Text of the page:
TikTok users aged under 16 will have their accounts automatically set to private, as the app introduces a series of measures to improve child safety.
Approved followers only can comment on videos from these accounts.
Users will also be prevented from downloading any videos created by under-16s.
TikTok said it hoped the changes would encourage young users to “actively engage in their online privacy journey”. (Source)
Watching Paint Dry Over Decades (Sherwin-Williams)
“W/ Dividends +19.6% TSR Annualized or 137,150%”
DCF (Theory vs Practice)
My feeling is that if you have to build a DCF spreadsheet to know if you want to invest in something, it's either not obvious enough, or it's too obvious and the opportunity probably isn't really there…
Interesting exercise: Look at most of the best investments of the past 5-10 years, and go do an honest DCF with only public information from the beginning of that period. How many would you have invested in?
Investing is about judgement under uncertainty, not a math quiz.
Science & Technology
Samsung’s new SoC Dumps its Own Core, Goes with ARM’s Cortex-X1
Samsung has unveiled its latest 5nm SoC to much fanfare, and it looks pretty promising. But the main thing that jumped at me is that they went with ARM’s Cortex-X1 core design instead of their own Exynos in-house designs.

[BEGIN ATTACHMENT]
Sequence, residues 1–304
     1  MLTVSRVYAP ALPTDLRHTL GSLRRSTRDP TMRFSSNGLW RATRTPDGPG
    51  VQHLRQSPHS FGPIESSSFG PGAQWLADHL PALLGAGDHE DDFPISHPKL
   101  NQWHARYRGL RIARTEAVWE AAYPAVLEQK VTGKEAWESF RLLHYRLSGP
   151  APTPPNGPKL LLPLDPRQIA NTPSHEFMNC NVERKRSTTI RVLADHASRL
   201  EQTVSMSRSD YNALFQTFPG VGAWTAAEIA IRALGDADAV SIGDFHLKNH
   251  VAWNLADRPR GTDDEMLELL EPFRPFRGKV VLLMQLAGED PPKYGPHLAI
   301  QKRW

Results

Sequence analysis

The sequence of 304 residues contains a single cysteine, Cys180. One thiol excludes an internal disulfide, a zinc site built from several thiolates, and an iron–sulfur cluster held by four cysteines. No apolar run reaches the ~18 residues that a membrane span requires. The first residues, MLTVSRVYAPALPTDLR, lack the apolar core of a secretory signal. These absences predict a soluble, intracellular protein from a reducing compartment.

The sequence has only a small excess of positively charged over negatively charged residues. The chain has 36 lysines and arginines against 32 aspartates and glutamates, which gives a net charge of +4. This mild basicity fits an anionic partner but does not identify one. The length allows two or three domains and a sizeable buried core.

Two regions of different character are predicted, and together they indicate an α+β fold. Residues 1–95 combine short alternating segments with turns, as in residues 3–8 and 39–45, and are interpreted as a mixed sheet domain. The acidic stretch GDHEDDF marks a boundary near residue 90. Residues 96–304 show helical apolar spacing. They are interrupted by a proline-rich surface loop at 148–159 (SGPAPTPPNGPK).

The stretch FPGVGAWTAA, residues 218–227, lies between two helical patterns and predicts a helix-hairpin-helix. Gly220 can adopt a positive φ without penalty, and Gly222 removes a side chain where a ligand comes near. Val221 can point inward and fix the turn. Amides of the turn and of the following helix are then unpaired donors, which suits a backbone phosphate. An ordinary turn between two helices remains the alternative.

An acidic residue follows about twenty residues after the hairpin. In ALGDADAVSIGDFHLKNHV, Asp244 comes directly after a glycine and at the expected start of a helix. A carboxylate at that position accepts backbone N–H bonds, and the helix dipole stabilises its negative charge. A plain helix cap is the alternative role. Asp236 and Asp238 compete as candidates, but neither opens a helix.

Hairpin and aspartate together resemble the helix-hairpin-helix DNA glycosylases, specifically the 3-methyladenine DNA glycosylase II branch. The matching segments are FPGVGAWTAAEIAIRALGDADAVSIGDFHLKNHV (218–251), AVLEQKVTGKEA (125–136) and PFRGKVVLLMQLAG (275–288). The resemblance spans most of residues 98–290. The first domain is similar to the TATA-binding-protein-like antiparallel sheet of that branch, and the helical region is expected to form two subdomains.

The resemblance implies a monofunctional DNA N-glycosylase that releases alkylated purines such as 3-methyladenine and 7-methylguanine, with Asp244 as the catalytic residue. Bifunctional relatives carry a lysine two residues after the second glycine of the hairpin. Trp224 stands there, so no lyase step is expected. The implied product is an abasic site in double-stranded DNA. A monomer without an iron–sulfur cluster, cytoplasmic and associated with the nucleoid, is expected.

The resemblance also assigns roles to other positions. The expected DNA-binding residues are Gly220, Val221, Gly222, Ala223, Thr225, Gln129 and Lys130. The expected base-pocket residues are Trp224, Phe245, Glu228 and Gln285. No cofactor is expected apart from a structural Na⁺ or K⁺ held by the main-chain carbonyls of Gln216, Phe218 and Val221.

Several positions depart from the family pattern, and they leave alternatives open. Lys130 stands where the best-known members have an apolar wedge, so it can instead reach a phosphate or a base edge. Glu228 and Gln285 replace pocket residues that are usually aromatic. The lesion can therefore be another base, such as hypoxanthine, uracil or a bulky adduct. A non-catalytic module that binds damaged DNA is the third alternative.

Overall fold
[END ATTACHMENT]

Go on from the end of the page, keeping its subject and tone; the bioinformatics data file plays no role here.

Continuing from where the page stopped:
Sounds like a good decision:
Unfortunately, Samsung’s own designs were never really successful, and actually brought the opposite of what the company had hoped for – instead of positive differentiation in the SoC market the usage of custom cores was actually more of a negative, bringing with them reduced performance and quite worse power efficiency compared to the Arm Cortex counterparts. While Samsung had been patient with the SARC CPU design team, too many failures in a row, particularly big blunders such as the Exynos 9810 and the Exynos 990 resulted in the termination of the project, with Samsung choosing to simply just use Arm Cortex cores.
This is good for ARM (in the process of being acquired by Nvidia), now all the cores are from the Cortex family:
The new Exynos 2100 follows a CPU configuration that had been first introduced by Qualcomm in the Snapdragon 855 in that it’s a 1+3+4 CPU design, featuring one new high-performance Cortex-X1 core clocking up to 2.8GHz, three Cortex-A78 cores up to 2.8GHz, and four Cortex-A55 cores at up to 2.2GHz.
Compared to the previous gen, Samsung claims 19% single-core improvement, 33% in multi-threaded, and 40% in GPU performance. But all this remains to be seen in real-world usage.
Samsung’s new 5nm process apparently brings “either 10% boost in clock frequencies, or a 20% drop in power at the same frequency” compared to the previous 7nm node, but don’t be mislead by the numbers, not all 5nm processes are equal:
Last year we had suspected that Samsung’s 7nm process node was anywhere between 20 and 25% less power efficient than TSMC’s latest N7P node, so essentially we’re expecting the new process to just catch up in terms of power efficiency, with newer TSMC 5nm SoCs such as the Apple A14 and the Kirin 9000 to still have a notable process node lead. (Source)